Why Financial Services Professionals Should Adopt Social Selling

Learn six major ways that adopting social media has helped financial services pros improve their business.

June 20, 2016

  • financial-services-adopt-social-selling

In banking, insurance, wealth management, or any other financial services field, you’re often pursuing big institutional clients or very lucrative contracts. Until recently, you may have downplayed the idea of using social media for that pursuit.

But the data shows that this old mentality has shifted towards a reality where more than 80% of financial advisors used social media for their business in 2015, up from 75% in 2014.

Part of that early resistance may have come from not fully understanding the benefits of using social media generally or LinkedIn specifically. For instance, financial services professionals who embrace LinkedIn can be among the first to learn about a friend's new job at a company they’re targeting—and can use that connection to advance their pitch.

That's just one of the major benefits of social selling for financial services professionals. Here are six more ways social selling can help your business.

1. Secure New Clients 

48% of financial advisors say LinkedIn has enhanced their profile with clients, according to a 2015 study by American Century Investments. And 43% of financial services pros say using social media has led to a return on investment.

Millions of dollars are being generated from social, according to many of the financial advisors surveyed. 17% of financial professionals attributed the acquisition of a new client whose business is worth at least $1 million to social media efforts. Another 27% found that their social media efforts played a role in significant new business worth less than $1 million.

Here’s one last statistic from this illuminating study: 52% of financial advisors answered that being connected with someone on LinkedIn makes it more likely that they’ll do business together.

2. Engage Faster & More Effectively

Cold calling has become too time consuming (with increasingly diminishing returns) and regular email inboxes are crowded. Rob Knop, a former digital marketing executive at Pacific Life, put it this way: "It’s not uncommon for financial pros to receive 50 phone calls and 200 of emails each day. Trying to break through all that noise is nearly impossible."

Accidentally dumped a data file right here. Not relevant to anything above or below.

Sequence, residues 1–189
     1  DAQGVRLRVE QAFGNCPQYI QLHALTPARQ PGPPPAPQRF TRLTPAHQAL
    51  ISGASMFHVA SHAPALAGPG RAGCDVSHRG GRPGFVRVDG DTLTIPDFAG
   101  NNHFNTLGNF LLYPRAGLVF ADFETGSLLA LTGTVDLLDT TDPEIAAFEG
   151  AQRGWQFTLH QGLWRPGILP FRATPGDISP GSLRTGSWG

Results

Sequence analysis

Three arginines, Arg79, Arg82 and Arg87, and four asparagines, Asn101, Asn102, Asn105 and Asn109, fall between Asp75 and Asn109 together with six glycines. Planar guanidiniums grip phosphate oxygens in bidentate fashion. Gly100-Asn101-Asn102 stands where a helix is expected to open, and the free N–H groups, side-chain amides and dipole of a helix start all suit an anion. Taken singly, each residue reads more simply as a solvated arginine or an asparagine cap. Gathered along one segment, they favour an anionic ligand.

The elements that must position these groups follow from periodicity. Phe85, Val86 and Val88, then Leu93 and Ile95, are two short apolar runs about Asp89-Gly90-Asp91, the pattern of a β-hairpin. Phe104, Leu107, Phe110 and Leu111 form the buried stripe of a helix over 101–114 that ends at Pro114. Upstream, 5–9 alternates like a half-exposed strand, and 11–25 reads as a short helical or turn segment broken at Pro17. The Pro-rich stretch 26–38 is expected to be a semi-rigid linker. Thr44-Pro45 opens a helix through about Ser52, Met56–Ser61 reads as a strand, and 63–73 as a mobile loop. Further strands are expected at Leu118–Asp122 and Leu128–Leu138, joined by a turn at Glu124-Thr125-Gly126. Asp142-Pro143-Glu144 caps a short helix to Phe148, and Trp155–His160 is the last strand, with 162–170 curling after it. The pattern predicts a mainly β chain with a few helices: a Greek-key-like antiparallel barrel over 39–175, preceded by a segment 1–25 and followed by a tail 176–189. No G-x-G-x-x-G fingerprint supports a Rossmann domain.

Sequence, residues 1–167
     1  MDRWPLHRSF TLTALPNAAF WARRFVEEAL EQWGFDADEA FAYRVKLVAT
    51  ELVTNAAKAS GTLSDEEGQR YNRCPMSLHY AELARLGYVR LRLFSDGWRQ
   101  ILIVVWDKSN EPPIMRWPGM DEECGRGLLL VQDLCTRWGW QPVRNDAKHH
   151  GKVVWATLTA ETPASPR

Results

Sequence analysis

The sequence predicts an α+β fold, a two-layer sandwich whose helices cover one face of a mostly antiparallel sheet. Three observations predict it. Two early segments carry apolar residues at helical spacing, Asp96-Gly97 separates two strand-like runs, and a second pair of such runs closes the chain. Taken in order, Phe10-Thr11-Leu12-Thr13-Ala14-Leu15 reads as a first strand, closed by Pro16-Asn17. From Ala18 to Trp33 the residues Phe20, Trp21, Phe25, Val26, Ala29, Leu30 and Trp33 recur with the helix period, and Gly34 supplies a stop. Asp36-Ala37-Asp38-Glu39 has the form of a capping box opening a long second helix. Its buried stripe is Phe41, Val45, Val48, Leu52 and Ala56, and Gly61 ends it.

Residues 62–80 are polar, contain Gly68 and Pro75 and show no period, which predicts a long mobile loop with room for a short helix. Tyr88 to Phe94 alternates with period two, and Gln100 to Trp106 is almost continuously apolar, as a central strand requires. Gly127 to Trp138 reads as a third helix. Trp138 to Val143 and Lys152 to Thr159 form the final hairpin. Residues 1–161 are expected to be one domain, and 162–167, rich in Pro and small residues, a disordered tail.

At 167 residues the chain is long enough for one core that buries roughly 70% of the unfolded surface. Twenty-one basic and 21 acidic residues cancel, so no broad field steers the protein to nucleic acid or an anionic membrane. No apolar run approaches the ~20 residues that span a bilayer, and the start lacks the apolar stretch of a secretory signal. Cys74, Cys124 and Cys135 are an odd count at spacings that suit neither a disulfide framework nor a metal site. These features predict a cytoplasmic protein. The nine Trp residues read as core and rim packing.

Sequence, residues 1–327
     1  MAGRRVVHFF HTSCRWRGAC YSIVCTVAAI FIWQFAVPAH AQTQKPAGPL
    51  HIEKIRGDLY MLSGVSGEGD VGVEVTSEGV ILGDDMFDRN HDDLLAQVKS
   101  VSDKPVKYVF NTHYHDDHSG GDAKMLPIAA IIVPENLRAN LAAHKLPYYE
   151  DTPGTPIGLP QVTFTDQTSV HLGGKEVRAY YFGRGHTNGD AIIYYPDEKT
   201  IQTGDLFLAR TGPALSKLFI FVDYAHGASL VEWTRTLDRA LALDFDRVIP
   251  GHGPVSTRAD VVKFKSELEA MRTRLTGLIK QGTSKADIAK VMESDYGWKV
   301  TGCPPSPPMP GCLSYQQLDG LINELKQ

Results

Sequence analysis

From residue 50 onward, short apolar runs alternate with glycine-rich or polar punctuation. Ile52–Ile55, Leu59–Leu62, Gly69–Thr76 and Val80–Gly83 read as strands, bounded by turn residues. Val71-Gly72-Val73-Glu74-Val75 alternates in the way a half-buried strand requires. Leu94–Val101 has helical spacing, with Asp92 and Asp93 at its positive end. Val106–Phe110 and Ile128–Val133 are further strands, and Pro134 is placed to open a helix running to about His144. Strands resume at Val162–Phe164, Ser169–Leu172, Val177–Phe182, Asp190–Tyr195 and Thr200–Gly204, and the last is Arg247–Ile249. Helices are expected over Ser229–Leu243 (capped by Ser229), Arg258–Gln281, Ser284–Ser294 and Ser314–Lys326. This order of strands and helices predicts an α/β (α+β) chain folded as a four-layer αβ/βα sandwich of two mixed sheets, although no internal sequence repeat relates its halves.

In contrast, using InMail is a much more targeted way to get your message to clients—they’re much more likely to see it and feel compelled to respond.

3. Leverage Connections to Land New Opportunities 

By staying connected to a friend or associate on LinkedIn, you'll see if he or she earned a promotion or a job at a new company. Signing up for Sales Navigator can also help you keep track of any important updates from friends and prospects.

Chris Andrews, a leader on Wells Fargo's treasury management sales team, told LinkedIn about one of his successes: "One of our salespeople saw that someone he was connected with on LinkedIn moved to a company that was a hot prospect," he said. The timing proved perfect. After arranging a lunch with the prospect, it turned out his connection was getting ready to send out a request for proposals, and ultimately Wells Fargo landed the deal worth more than $265,000.

4. Find High-Net-Worth Individuals

LinkedIn is the social network for high-net-worth individuals. In fact, 70% of high-net-worth individuals in the US are using social media—and of those, 62% are using LinkedIn weekly.

Moreover, according to a 2015 study by Putnam Investments, 70% of financial advisors have adopted LinkedIn, compared to 47% for Facebook and 42% for Twitter.

5. Build Relationships with Clients & Prospects

Social selling is more than just hunting data on prospects and following trends; it's a two-way street. To master it, you should engage on LinkedIn consistently. You can use LinkedIn and other social platforms to build relationships with prospects and current clients.

Provide useful, timely updates in your area of expertise, comment on what leads are posting on Twitter, Facebook, LinkedIn, and you’ll stay top-of-mind when they're thinking about whom to ask for advice.

6. Stay Current on Industry News & Trends

Using LinkedIn, you can participate in LinkedIn Groups, follow the industry leaders of your choice on Pulse, and get the latest news affecting your business.

If you're having trouble convincing your sales team to get on board with social selling, direct them to this post and LinkedIn’s other resources on social selling for financial professionals.  

For more on how social selling can become a competitive advantage for your business, Download Proven Sales Strategies for Financial Services .

Topics